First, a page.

Principle #3: Deliver working software frequently, from a couple of weeks to a couple of months, with a preference to the shorter timescale.
I can’t tell you how many times a day or in my career I have heard “Why are we not moving faster?” or the ever-popular “What has the team been doing since <insert_random_qualifier>”. Of course, those that are on the project know why things have not moved faster, because leadership has been engaged in bureaucratic administrative budgeting for six months, making sure the requirements are 100% accounted for which has taken another four months. Then final approval and sign off by a tribe of 30 or more people has taken another two months and of course a date was already committed to before the budgeting process began, so when the team can actually start work, provided other projects are not taking up their time, everyone is screaming “HURRY UP!”. The time to hurry was months and months ago, not once the team can actually start solving the customer’s problem.
In this installment of “Agile Principles Revisited” we will take a look at how a team can deliver sooner.
Deliver This should be self-explanatory right? I have coached teams that have argued about getting credit for a half-done story in a sprint because they got a few tasks associated to the story completed, but the story itself was not done. If the story cannot be demonstrated or validated as a slice of the overall goal, then you did not deliver value, you just logged hours. This is why we talk about vertical slices of functionality, INVEST criteria and splitting stories so that the focus can be on actually delivering within a time box rather than “working on” stuff for multiple sprints.
Working Software While we want to focus on delivering as frequently as our environment and processes allow, what we deliver should actually work and moreover, solve a problem thus adding value; however, this is where it can be a bit tricky depending on how the term “working” is defined given the context. I will sometimes refer to MVP as a vertical slice of functionality that can be validated at a defined feedback moment, such as the sprint review and will refer to a batch that can be released to customers as the MMF (Minimal Marketable Feature). I do this to help teams understand how much effort and complexity needs to go in each story depending on the given goal. If we are attempting to validate a proof of concept idea, we can use a prototype, dummy data or mock details up and have a low fidelity design. This meets the definition of “working” because we are attempting to validate a theory or conceptual functionality, not releasing to our actual customer base at this point. Before we open up the product to customers to generate incremental ROI, we would, of course, be more robust in the approach and reach a higher quality definition of “working” and “done”. It is always best to set expectations upfront on what working means during the course of your product delivery approach. The Disciplined Agile Delivery site has a great breakdown of the different views you can take with product increments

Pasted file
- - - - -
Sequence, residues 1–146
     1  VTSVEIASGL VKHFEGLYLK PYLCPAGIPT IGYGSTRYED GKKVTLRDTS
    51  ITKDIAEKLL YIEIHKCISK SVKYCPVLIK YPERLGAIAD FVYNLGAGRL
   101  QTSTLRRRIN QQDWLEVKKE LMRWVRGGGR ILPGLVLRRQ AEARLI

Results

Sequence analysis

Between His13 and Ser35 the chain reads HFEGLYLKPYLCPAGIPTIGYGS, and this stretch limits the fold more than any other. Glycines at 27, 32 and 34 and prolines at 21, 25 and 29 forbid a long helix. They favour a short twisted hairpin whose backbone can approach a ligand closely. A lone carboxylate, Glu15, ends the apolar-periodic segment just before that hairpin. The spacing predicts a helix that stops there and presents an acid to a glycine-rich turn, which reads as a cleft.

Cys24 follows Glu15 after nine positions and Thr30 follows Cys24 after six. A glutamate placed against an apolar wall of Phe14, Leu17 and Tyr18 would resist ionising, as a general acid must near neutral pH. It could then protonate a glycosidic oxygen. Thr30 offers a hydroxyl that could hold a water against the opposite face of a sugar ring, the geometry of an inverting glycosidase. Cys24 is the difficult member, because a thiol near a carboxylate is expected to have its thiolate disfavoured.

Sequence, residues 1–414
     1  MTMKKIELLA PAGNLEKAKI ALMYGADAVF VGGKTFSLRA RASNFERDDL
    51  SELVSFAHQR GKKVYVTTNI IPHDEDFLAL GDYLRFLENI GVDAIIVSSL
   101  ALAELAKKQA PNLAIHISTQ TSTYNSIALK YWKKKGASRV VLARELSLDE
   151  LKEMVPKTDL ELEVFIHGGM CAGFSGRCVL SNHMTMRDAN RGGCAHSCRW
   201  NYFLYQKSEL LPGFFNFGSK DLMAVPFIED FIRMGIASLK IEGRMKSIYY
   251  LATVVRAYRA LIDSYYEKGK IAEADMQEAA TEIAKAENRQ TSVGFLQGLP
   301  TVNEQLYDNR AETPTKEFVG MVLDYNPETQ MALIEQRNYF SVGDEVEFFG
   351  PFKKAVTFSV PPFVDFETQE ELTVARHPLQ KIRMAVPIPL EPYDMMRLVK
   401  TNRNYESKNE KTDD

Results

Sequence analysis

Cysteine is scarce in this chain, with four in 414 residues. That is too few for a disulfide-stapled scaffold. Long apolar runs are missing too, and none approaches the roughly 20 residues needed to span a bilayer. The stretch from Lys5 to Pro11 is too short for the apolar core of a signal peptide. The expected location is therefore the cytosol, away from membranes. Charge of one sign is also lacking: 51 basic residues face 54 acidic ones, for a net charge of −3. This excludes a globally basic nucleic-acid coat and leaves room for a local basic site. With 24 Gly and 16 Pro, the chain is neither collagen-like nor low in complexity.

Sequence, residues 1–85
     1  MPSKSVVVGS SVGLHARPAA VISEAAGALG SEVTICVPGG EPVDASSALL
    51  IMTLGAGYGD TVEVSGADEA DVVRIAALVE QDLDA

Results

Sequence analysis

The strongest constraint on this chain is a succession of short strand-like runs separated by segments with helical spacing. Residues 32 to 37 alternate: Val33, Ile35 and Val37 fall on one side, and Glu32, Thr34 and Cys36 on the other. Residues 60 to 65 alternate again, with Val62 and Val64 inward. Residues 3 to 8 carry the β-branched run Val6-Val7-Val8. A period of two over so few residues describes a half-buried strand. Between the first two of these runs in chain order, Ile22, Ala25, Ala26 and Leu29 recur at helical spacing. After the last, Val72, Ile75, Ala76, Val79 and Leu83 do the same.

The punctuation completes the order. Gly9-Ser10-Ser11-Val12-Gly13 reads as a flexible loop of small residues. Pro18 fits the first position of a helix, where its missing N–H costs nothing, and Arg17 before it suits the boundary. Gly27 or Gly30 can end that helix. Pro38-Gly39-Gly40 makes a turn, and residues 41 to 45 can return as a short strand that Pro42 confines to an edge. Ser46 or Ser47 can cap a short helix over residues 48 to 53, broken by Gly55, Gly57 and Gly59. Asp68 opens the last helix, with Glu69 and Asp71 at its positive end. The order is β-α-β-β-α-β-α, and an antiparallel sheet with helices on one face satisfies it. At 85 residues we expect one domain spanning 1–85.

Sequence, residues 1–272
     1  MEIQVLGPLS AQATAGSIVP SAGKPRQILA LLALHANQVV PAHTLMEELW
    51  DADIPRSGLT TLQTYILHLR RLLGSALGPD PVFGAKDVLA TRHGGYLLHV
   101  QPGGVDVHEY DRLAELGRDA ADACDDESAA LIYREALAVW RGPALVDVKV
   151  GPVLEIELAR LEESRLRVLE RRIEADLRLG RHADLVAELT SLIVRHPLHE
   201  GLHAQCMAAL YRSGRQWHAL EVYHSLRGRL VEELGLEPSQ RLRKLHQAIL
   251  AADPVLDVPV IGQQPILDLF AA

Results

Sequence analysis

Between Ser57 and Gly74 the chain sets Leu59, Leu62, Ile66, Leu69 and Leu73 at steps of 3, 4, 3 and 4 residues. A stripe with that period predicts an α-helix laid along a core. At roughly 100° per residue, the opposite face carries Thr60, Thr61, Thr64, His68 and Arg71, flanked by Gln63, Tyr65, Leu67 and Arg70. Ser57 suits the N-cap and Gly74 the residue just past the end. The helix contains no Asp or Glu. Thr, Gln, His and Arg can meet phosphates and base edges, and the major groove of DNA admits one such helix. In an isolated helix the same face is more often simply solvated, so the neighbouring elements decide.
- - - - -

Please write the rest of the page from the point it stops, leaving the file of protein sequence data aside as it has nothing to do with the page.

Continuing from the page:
Frequently: Shorter timelines create urgency, urgency creates action. Delivering small, independent features are much more efficient than large, tightly coupled bundles of features. The reasons we want to deliver more frequently are to increase the feedback cycle times and reduce the opportunities for a requirement to change, or be able to accommodate a change with little impact. The shorter the window of time between the time a Product Owner talked to a stakeholder, created the story for the team to develop and deliver, the lower the likelihood of that requirement changing and the higher the probability we can get feedback if we are building the right thing.
Preference to the Shorter Timescale: If you can deliver software in two weeks, then you don’t have to decide on what to do until 2-3 weeks before you deliver. If you deliver software every 12 months, then you have to take longer to decide on what to do, and that opens the opportunity for your customer to change their mind in that window of time. Shortening your delivery cycle allows you to decide as late as possible on which direction to take, which is a competitive advantage. In 1983, Lenscrafters changed the eyewear market by having your glasses ready in an hour. This did not allow the customer the opportunity to go browsing at another company and cancel their order and it met the “need it now” emotional aspect. The timescale here needs to be understood and defined as well. There is the sprint timescale (1-4 weeks) and there is the release time scale (3-4 months for new feature releases). The team should set aggressive goals in improving the timescale cadence until you reach a more predictable pace. There are practices that support a team reaching shorter timescales such as;